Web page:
I was rather taken aback, nearly twenty years ago, when Simon Uwins, then Marketing Director at Tesco told me that the purpose of Tesco’s Clubcard programme was not to drive loyalty.
The launch of Clubcard had helped propel Tesco from the UK’s number 2 grocery retailer to the far and away outright market leader and to a large extent this growth had come from existing customers becoming more loyal, so it seemed a surprising thing to say.
Uwins explained that the key driver of loyalty for any retailer, was the overall brand proposition and customer experience, the loyalty programme served a different purpose.
Tesco had encapsulated their brand and customer experience proposition in the phrase “every little helps” which was itself one of four marketing pillars alongside “everyone is welcome”, “build trust” and “say thank you” that helped Tesco deliver its core purpose of "earning and growing the lifetime loyalty of our customers".
The brand and experience proposition had, in turn, been broken out into component parts, forming 5 promises, each articulated from the point of view of the customer and each providing the whole organisation with clarity and focus on the things that mattered and the tasks that needed to be managed and measured :
“I can get what I want” , “the prices are good”, “the staff are helpful” , “the aisles are clear” , I don’t have to queue”.....to which these days they might add "its safe to do so"
So, what is the purpose of the loyalty programme I asked ?
Uwins replied that it was 4 fold :
a) A way of saying thank you to customers
b) A way of knowing who customers are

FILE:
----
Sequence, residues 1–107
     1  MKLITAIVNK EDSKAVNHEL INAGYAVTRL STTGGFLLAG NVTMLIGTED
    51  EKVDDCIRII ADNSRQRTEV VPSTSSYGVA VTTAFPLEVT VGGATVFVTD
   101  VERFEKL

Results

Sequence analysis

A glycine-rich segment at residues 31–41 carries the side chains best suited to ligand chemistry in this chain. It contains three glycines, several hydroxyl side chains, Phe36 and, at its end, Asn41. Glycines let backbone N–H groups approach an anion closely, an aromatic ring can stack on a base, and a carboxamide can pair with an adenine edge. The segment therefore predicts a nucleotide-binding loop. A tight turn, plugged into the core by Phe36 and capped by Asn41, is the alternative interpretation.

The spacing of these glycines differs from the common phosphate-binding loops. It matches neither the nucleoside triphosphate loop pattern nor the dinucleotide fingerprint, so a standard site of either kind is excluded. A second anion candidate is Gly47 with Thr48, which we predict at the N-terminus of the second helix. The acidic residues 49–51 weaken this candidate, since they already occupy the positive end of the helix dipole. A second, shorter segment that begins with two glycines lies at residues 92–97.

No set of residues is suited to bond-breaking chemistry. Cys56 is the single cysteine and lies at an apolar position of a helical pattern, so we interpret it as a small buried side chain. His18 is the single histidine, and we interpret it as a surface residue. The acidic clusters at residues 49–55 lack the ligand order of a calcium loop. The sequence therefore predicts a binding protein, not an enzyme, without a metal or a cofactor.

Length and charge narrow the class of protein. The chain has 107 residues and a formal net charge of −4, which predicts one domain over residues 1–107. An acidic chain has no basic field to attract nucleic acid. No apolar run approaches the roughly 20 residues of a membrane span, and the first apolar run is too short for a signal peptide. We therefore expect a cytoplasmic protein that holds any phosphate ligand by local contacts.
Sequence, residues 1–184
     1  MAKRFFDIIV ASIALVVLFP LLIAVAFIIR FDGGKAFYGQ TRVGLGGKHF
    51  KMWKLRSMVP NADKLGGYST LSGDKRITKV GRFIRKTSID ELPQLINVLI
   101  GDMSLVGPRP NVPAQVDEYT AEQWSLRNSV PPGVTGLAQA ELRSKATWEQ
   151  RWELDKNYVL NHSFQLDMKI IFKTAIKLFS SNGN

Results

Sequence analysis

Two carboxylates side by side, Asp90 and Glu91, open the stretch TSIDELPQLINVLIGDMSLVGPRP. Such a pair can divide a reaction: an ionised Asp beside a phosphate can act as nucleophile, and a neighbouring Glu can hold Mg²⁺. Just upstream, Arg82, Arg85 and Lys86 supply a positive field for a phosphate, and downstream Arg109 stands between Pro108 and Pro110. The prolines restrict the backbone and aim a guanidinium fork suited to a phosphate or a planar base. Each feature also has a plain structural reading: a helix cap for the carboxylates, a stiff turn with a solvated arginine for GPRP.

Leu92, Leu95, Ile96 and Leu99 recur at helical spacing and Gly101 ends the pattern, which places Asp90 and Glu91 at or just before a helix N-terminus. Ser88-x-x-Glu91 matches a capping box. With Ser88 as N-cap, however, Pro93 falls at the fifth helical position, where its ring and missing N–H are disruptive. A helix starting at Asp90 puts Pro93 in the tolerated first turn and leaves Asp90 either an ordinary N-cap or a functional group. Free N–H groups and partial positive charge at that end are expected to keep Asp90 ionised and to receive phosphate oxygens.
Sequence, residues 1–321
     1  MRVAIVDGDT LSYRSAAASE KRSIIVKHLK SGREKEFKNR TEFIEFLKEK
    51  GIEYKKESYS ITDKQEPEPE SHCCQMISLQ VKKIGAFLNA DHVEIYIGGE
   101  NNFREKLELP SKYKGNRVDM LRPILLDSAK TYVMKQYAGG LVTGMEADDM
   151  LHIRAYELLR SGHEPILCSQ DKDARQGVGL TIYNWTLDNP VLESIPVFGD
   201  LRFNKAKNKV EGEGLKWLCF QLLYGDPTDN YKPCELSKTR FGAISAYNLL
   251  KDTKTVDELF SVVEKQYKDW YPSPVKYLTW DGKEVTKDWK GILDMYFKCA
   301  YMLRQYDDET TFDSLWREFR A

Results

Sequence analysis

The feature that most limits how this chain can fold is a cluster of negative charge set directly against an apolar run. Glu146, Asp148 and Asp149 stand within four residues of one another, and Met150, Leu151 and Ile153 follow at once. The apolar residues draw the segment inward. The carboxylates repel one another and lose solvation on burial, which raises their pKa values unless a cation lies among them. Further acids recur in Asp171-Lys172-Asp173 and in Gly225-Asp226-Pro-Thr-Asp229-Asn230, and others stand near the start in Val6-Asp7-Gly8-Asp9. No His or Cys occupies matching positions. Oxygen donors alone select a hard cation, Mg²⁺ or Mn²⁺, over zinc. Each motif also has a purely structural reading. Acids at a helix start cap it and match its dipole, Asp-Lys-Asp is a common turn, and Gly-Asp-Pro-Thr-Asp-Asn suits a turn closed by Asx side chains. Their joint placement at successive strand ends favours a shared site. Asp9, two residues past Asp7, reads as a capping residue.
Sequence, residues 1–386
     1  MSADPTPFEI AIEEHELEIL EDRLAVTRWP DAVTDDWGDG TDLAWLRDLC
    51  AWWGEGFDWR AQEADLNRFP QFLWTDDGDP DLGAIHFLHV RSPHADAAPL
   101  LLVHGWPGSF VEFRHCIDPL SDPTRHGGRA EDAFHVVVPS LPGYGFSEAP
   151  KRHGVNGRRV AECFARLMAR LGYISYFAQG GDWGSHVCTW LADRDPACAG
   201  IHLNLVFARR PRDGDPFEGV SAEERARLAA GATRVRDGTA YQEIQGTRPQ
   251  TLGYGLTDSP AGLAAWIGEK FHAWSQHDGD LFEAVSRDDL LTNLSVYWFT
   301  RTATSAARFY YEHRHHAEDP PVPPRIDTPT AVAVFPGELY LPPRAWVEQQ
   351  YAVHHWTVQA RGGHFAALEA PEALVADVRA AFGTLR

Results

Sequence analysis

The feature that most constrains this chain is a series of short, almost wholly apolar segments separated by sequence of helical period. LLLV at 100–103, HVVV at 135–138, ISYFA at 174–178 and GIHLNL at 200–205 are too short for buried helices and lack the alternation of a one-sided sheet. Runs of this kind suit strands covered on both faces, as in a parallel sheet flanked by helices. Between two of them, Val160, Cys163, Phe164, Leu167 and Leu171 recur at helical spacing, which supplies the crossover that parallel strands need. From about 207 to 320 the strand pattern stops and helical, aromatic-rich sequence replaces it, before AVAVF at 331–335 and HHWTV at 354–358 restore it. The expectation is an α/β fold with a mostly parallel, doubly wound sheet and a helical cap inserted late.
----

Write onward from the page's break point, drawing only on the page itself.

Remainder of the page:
c) A platform to help understand customers
d) A platform that could enable differentiated service and communications
As we emerge from the lockdown I think many retailers will benefit not just from their existing loyalty programme - which from personal experience can sometimes deliver incremental sales by as much as 20% - but also from the clarity of purpose and customer centredness that are Tesco’s hallmarks.
In some businesses a tiny % of customers deliver 80-90% of the profits, in others certain groups have totally different shopping requirements to others.
The need to be able to provide differentiated services for certain customer groups is accelerating, as are the opportunities and expectations of customers from personalised communications and experiences. Any business that expects to survive and thrive needs a deep understanding of its disparate customers, as they are not the same and don't expect to treated equally.
These are the key reasons for retailers and others to consider a loyalty programme if they don’t have one already. Thanks to technology advances, set up and operations are simple and easy, and in addition to P&L benefits, a well designed programme can become a monetisable asset – sometimes worth many times more than the host brand itself - as airlines are currently discovering.